[Updated] Once music is made available through online stores such as iTunes and Amazon, both artists and third-party websites can generate revenue via affiliate programs. Artists can increase their percentage and third-party sites can get a cut of sales that occur due to their news and reviews related to the music. But with the Internet providing a global presence, being able to offer one's music through appropriate national outlets gets complicated. Mixeeba and Glnk are two services with different approaches that address that problem.
Mixeeba is based in London and launched as a host for DJ mixes which were monetized via affiliate links. They eventually decided to focus on the monetization aspect and developed a service that allows you to choose between multiple options for generating affiliate links to Juno Records & Juno Download, iTunes and Amazon that will display the correct regional outlet to online shoppers.
Mixeeba also provides a Publisher Portal so you can track your clicks and earnings. They keep 10% of the affiliate revenue and you get 90%.
It sounds like a truly useful service though the promo blurbs seem to be from a couple of years back and could stand some updating. However, you can check the Mixeeba Twitter feed for current news.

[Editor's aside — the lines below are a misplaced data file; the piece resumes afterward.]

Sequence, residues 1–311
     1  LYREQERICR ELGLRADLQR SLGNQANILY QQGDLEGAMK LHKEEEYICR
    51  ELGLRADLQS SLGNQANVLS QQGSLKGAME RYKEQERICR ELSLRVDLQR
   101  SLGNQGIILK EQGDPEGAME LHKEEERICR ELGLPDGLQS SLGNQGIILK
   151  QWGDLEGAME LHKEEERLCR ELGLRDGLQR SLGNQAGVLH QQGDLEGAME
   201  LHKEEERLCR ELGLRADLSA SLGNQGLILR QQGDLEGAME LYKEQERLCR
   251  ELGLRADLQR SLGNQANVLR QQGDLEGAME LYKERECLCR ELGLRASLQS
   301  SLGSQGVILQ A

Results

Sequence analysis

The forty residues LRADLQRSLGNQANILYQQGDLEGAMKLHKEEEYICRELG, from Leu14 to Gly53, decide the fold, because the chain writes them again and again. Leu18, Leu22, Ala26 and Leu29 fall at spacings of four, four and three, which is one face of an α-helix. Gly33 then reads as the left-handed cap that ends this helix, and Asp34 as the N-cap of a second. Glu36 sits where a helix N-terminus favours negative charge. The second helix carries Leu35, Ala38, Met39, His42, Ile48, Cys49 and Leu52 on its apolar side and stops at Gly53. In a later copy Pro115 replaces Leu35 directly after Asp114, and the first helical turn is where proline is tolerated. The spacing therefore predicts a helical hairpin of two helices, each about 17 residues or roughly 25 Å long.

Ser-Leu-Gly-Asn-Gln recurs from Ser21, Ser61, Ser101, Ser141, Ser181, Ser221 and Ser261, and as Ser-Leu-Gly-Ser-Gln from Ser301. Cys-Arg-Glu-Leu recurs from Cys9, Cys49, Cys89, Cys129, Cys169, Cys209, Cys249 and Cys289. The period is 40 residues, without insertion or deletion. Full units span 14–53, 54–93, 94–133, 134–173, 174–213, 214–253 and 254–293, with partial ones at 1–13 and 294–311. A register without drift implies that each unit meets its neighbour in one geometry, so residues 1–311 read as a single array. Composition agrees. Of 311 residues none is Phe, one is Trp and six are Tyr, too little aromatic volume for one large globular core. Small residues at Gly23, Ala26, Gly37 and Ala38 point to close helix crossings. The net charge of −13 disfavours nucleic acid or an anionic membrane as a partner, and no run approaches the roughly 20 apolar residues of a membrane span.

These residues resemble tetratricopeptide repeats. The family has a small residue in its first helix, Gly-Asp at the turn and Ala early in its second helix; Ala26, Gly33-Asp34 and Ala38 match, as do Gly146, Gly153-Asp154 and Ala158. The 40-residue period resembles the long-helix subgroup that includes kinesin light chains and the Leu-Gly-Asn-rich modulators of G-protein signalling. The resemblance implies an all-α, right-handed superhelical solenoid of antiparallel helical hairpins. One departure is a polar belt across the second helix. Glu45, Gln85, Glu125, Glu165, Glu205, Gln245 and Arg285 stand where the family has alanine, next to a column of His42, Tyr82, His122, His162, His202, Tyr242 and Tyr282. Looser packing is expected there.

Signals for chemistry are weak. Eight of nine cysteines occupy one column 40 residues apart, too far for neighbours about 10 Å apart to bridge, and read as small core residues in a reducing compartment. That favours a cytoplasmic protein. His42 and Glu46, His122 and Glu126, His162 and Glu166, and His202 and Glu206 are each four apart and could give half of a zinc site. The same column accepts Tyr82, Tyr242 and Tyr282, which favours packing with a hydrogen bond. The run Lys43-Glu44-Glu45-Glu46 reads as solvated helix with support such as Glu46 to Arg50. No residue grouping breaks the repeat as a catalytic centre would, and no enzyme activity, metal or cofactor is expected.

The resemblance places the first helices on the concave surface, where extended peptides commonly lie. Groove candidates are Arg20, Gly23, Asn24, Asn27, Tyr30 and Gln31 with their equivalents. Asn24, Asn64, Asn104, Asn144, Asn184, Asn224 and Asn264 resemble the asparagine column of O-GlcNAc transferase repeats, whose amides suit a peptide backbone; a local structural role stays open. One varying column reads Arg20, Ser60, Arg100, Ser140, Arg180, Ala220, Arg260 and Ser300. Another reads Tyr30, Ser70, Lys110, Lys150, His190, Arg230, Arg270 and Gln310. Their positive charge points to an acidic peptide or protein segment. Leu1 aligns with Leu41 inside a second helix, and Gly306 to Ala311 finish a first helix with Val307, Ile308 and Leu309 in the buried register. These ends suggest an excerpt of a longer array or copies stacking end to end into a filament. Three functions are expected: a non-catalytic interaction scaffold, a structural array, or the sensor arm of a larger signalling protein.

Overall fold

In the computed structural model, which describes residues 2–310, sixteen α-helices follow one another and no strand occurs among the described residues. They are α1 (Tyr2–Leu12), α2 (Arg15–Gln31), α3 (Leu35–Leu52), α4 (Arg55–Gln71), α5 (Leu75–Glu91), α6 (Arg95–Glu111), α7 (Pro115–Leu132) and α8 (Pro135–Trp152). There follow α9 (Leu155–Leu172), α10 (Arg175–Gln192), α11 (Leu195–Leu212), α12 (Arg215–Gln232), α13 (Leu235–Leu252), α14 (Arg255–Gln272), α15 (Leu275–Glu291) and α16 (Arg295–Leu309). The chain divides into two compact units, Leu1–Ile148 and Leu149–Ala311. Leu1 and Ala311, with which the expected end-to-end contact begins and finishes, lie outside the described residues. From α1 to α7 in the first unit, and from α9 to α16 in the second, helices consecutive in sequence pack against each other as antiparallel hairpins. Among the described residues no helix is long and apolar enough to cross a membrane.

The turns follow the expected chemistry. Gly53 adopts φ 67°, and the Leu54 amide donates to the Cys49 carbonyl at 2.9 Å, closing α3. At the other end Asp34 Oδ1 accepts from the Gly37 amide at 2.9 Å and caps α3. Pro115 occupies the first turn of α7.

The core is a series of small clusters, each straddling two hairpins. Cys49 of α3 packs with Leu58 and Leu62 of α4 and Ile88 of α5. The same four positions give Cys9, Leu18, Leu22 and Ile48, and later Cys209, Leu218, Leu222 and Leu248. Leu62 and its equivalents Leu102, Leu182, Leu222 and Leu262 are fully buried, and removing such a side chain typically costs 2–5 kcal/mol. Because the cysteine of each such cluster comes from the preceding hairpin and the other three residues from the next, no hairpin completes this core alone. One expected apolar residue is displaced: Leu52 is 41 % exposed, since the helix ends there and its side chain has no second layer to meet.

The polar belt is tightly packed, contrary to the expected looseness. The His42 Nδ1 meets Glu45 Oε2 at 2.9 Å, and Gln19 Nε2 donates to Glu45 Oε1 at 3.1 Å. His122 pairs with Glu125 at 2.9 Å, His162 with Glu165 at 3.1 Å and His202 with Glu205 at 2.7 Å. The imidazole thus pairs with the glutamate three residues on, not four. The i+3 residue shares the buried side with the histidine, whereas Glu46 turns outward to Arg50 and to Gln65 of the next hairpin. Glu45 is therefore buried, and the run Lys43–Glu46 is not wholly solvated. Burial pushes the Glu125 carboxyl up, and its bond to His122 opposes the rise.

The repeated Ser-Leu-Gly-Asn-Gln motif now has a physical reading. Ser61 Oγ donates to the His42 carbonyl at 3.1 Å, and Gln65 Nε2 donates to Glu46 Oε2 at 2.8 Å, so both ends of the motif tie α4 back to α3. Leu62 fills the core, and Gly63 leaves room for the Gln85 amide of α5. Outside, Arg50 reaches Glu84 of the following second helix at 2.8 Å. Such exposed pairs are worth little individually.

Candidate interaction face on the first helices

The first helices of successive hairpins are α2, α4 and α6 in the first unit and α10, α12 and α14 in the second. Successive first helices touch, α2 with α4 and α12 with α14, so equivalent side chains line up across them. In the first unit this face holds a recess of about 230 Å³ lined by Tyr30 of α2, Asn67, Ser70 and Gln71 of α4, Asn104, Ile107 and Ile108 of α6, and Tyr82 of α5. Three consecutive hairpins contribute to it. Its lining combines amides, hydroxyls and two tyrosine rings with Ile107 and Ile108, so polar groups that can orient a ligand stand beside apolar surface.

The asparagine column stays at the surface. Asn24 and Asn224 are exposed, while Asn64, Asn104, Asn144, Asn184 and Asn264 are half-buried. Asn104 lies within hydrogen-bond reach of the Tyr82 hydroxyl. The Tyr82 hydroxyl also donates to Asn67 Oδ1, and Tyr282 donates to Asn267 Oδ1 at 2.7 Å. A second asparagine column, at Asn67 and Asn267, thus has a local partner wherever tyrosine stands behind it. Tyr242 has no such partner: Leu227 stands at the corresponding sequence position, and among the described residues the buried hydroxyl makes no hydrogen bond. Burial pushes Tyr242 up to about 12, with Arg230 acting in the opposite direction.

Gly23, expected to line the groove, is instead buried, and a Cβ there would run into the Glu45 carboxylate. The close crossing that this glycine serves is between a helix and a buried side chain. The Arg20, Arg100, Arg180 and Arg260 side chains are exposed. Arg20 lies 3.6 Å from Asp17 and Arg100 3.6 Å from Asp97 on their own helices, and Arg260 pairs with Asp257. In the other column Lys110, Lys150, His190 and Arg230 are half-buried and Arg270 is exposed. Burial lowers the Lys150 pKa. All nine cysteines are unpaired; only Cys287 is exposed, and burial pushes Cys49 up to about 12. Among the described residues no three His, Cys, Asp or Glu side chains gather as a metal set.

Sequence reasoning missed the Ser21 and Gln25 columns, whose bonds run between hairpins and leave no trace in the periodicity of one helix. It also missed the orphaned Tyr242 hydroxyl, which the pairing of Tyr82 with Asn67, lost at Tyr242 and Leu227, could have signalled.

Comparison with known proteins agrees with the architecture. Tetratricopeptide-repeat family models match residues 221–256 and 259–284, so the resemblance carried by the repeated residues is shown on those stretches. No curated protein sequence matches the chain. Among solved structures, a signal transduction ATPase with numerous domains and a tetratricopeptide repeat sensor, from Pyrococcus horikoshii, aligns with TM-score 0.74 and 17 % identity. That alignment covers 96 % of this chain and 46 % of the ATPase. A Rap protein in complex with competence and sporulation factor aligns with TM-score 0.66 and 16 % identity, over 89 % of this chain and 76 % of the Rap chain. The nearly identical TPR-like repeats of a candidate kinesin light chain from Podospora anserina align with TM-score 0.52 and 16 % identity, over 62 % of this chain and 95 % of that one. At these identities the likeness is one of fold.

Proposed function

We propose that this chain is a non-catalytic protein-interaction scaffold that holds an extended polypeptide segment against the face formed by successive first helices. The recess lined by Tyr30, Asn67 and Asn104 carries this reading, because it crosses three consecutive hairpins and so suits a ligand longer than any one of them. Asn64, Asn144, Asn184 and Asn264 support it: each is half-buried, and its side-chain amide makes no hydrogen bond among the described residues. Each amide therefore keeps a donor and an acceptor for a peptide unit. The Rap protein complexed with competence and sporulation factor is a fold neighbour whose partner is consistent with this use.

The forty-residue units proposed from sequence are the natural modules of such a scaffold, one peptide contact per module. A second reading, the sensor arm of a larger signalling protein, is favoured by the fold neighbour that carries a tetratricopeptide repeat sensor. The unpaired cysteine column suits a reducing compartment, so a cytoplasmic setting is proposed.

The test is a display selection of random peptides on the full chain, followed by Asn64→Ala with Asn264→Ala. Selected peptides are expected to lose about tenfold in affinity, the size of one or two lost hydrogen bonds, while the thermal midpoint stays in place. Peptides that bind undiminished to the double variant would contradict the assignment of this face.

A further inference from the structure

Glnk or g-link looks a bit dodgy at first glance until you see that it's a hack by Lee Martin who heads experimental development at SoundCloud. He's responsible for a variety of projects such as promo pages for Tenacious D and The Flaming Lips as well as the Wave Raid game.
"allows you to define a bundle of links with country codes. when users click on your glnk they are redirected to the link specific to the country where they are from. works great for album preorders."
Apparently he's said more in the past as revealed by Todd Tate who's successfully used the service. He quotes Martin:
"This was built after working so many album pre-order campaigns where I would be building pages with fifty different country-specific pre-order links. One time I put a little flag next to each link, making the page look more like the United Nations than a pre-order! But now I can build a simple page with one link: ‘BUY THIS SHIT’ and fans will be redirected automagically to the appropriate purchase link"
Definitely a useful tool that is apparently a free service built to satisfy the developer's need and now shared with musicians in the know.
Hypebot Features Writer Clyde Smith blogs about business at Flux Research: Business & Revenue Models and about dance at All World Dance: News. To suggest topics for Hypebot, contact: clyde(at)fluxresearch(dot)com.